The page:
The number of young people claiming out-of-work benefits has more than tripled in York in the past year, as the city outlines plans to prevent a generation of residents losing out on career opportunities as a result of the pandemic.
In March 2020 there were 338 people aged 16 to 24 claiming unemployment benefits. By August that number rose to 1,088.
The number of people starting an apprenticeship has also dropped by almost a third.
Councillor Rosie Baker told a meeting that there are “real worries about a lost generation of young people”.
“Since March there’s been a concerning tripling of youth unemployment,” said Steve Flatley from City of York Council.
“I think there are further challenges to those young people who would wish to go into the labour market aged 18 because of the situation with the local economy and how it’s been impacted by the pandemic.”
The latest figures show the number of young people starting apprenticeships has also fallen.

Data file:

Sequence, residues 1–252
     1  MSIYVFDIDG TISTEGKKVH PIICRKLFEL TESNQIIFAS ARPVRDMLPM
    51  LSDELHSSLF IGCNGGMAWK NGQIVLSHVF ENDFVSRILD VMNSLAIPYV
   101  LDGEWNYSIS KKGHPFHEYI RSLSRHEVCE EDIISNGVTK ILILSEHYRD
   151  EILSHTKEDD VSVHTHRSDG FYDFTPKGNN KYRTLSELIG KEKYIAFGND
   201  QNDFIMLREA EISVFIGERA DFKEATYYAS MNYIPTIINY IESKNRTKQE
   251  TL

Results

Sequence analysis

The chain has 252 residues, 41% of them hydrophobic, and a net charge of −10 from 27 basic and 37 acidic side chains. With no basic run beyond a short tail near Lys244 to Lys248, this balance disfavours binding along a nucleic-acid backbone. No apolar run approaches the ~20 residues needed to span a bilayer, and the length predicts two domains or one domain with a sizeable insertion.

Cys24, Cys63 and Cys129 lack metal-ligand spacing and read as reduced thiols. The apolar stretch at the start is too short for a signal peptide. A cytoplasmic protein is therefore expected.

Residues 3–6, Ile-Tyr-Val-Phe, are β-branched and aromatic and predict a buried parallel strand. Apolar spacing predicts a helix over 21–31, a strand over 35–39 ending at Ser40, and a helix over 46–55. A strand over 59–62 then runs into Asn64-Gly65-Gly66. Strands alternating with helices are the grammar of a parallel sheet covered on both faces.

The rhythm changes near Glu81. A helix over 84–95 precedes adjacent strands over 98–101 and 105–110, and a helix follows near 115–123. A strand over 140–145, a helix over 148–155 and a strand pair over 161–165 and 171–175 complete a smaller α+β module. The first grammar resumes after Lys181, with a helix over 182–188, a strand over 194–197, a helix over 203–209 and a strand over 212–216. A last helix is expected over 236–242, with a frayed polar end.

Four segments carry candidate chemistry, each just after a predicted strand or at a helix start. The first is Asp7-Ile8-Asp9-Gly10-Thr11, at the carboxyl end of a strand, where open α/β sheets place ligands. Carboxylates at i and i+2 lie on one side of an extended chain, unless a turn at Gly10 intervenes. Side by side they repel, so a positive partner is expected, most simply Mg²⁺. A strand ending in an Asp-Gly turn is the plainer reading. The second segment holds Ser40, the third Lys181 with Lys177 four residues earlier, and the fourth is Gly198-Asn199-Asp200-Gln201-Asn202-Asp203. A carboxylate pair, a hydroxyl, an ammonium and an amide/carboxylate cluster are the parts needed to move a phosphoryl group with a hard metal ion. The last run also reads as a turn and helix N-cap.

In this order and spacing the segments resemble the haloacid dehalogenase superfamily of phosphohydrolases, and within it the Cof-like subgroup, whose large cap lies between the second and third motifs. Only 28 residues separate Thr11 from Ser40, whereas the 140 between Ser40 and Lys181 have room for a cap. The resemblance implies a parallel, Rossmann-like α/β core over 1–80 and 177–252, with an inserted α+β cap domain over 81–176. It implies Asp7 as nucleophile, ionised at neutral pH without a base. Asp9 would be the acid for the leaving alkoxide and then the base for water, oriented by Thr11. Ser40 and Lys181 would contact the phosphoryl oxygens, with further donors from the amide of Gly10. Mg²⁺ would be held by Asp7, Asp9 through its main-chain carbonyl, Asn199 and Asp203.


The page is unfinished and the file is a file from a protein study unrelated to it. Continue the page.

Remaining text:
Available apprenticeships in hospitality, retail and tourism jobs used to make up a third of traineeships in the city, but have now dropped to “nearly zero” and there are worries this could have an impact on staffing levels when lockdown lifts.
Alison Edeson, skills manager at the council, said: “We will do our utmost to support and promote apprenticeships but actually the market is dictating what’s happening.”
But she added that large employers in other sectors, including Nestle and Aviva, are still actively recruiting apprentices.
Wendy Mangan from the Department for Work and Pensions said the government has made it a priority to get young people back into work and the Kickstart scheme – providing paid six-month job placements for unemployed 16 to 24 year olds – has created jobs in LNER, Portakabin, Aviva and others.
“We’ve got a lot of graduates at the moment at the job centre,” she said. “We haven’t had any graduates for years.
“We’ve got a big cohort of graduates at the moment who lack work experience, so a lot of them are going into the schools as teaching assistants, mentoring after after school clubs, art technicians, PE teaching assistants, gardeners, admin – you know there’s a lot of different areas.”
The increase in people claiming unemployment benefits can be seen across all ages and across the country.
Council economy boss Simon Brereton said a report by Centre for Cities think tank shows York has seen the smallest increase in unemployment.
But he added: “The fact that every other city is doing worse is there, but it doesn’t make the slightest bit of difference to those individuals who’ve lost their job, who we all very much feel for and we’re working very hard with, to make sure that they can find alternative employment.”